Personal Income Tax (PIT)  

Given the substantial strain already being placed on PIT, lacklustre economic growth and potential increased slippage in compliance levels, were marginal tax rates raised, we believed that there would not be any material changes in marginal tax rates. National Treasury did not provide any relief for inflation (tax bracket creep). 

The new ‘super tax bracket’ of 45% on taxable income above R1.5m, imposed from 1 March 2017, is only projected to collect an additional R4bn from just 103,000 taxpayers.  

The PIT burden is now back at levels last seen in 1999/2000 at 10% of GDP.  

Corporate Income Tax (CIT)  

We did not expect any changes to the general corporate tax rate of 28%; but rather expected SARS to continue enforcing anti-avoidance measures to improve collection. 

Government has indicated the intention to rather review corporate tax incentives, to broaden the tax base and raise additional revenue.  

SARS is expected to look more closely at matters such as base erosion, profit shifting and transfer pricing.  

What did Minister Gigaba’s 2018 Budget Speech mean for you and your investment universe?   

The Minister of Finance had to make some tough calls in his 2018 Budget Speech. Watch the Sasfin Wealth experts unpack some of the most salient changes from the speech and listen to how these changes will affect you in today’s difficult economy:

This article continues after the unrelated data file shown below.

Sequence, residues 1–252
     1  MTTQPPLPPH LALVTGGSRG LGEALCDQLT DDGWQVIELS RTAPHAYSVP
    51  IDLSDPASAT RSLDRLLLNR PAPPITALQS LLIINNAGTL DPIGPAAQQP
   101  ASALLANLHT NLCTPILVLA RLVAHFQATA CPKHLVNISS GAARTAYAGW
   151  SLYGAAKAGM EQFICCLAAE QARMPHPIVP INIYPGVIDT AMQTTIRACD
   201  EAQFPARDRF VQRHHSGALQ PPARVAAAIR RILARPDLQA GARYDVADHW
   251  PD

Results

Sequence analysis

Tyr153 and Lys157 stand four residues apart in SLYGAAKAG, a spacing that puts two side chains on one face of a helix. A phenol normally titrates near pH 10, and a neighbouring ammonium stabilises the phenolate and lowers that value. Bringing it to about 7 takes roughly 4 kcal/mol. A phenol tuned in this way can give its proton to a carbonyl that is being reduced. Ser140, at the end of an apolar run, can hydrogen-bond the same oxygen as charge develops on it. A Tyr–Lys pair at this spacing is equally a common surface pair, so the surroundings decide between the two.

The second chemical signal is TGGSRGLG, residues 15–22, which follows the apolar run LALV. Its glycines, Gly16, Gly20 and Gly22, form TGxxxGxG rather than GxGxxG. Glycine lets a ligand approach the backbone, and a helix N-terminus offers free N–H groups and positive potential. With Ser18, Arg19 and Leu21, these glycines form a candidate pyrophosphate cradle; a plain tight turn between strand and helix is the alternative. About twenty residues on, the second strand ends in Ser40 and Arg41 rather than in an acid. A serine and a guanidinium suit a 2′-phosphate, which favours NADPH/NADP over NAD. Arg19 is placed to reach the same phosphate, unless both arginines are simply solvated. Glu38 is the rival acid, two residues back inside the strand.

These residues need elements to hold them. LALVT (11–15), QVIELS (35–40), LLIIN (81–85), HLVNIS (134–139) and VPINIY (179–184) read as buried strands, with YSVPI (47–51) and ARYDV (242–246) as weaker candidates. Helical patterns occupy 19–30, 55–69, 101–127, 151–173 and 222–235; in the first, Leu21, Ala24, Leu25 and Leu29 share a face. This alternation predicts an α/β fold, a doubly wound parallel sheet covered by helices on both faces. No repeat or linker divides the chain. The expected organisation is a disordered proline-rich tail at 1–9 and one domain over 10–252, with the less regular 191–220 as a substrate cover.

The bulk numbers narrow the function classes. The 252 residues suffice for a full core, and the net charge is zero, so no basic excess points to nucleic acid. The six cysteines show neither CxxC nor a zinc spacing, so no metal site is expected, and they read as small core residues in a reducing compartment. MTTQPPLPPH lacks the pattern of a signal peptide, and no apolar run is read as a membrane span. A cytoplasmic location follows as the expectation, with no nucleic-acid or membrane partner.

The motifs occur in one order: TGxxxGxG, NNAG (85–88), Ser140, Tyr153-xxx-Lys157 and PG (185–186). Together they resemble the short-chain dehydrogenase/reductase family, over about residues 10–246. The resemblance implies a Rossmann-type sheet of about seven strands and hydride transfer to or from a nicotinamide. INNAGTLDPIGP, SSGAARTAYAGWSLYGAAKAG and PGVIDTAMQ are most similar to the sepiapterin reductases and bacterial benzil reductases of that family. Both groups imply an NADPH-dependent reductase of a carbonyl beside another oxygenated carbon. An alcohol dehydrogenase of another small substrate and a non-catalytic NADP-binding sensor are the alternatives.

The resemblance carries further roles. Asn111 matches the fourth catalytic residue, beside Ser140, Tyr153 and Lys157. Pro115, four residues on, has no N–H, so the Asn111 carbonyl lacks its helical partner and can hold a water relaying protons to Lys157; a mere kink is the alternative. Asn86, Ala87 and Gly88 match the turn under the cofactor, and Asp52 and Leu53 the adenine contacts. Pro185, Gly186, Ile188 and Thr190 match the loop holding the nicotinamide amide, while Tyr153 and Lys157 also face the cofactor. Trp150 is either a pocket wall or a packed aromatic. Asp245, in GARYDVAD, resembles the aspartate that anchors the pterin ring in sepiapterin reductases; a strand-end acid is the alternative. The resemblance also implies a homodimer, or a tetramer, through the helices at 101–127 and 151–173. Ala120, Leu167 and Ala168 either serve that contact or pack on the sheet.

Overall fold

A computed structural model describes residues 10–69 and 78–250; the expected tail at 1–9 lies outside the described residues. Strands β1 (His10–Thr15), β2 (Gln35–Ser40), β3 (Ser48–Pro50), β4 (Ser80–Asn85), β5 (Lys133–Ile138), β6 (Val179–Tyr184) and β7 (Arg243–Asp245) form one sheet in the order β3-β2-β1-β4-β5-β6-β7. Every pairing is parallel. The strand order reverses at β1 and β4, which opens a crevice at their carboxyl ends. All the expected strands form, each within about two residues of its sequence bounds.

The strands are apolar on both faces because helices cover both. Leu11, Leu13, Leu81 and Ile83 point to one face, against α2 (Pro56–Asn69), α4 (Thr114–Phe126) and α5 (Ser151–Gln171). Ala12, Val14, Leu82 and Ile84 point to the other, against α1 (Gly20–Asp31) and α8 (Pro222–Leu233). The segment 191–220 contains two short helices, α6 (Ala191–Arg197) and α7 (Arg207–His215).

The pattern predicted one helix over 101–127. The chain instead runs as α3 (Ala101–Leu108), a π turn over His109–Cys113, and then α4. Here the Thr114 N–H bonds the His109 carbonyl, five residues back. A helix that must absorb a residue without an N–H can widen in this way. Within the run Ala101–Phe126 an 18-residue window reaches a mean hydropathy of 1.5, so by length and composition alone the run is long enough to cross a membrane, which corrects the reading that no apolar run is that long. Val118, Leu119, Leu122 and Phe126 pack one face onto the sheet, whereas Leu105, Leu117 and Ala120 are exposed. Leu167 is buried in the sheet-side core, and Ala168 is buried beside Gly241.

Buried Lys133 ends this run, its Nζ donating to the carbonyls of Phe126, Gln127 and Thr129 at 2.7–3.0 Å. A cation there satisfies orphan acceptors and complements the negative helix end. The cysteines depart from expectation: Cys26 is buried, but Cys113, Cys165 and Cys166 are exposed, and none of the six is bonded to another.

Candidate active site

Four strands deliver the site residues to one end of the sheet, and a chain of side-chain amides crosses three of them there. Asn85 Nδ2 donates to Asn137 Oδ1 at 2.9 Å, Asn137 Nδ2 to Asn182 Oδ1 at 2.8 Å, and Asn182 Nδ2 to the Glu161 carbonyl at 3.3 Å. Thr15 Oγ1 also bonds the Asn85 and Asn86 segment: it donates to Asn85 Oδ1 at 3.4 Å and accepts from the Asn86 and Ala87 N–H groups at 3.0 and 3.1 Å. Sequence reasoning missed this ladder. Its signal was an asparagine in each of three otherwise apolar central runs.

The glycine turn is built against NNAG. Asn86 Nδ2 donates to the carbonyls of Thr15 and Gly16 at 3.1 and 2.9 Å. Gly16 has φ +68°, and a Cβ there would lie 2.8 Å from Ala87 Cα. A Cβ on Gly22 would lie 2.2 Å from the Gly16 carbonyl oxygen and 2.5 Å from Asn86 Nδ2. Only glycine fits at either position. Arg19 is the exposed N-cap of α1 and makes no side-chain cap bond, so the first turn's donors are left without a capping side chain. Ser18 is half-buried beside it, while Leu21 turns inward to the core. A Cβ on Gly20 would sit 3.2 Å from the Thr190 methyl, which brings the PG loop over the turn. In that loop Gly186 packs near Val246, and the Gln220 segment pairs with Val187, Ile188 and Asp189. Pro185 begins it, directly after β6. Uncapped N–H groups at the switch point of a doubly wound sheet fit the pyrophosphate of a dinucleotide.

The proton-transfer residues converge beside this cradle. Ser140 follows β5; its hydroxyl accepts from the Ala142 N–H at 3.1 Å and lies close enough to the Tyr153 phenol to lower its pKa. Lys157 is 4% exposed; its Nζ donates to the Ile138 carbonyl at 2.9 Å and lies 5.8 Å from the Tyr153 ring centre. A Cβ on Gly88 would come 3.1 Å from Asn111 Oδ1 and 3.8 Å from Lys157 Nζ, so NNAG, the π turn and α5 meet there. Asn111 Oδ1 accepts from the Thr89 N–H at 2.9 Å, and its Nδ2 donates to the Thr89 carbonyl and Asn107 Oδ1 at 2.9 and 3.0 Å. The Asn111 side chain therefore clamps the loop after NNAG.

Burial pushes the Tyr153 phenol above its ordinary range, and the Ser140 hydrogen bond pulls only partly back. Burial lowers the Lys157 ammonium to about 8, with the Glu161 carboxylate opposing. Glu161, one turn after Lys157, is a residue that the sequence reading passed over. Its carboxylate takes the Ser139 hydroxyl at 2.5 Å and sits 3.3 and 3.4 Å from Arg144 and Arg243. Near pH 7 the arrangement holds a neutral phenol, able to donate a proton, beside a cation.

Austerity measures were the order of the day as the 2018 Budget Speech focused on reducing government expenditure and finding alternative sources of revenue to ensure the books balanced. Read more from Sasfin Wealth’s experts. 

all the news and analysis

The fiscal hole  

The reality is that South Africa’s fiscal environment is tough. The budget deficit is expected to deteriorate further from its original estimate; due to revenues falling short of initial estimates and persistently high expenditure. 

The issue of rising debt service costs is aggravated by factors such as the rising contingent liabilities associated with continually under-performing State Owned Enterprises (SOE’s) and the immediate need to fund free higher education. 

Filling the hole  

The obvious options available to reduce the fiscal gap are to raise tax rates and/or slow growth in government expenditure (fiscal consolidation). Despite the optimism, it remains difficult for the Minister of Finance to introduce significant spending cuts this year or increase taxes. 

Raising tax revenues 

Overall changes to tax measures announced by Minister of Finance Malusi Gigaba are expected to raise an additional R36bn for the fiscus. The most significant tax revenue increase came from the first VAT increase in 25 years. The increase to 15%, effective 1 April 2018, is expected to raise an additional R22.9bn for the fiscus.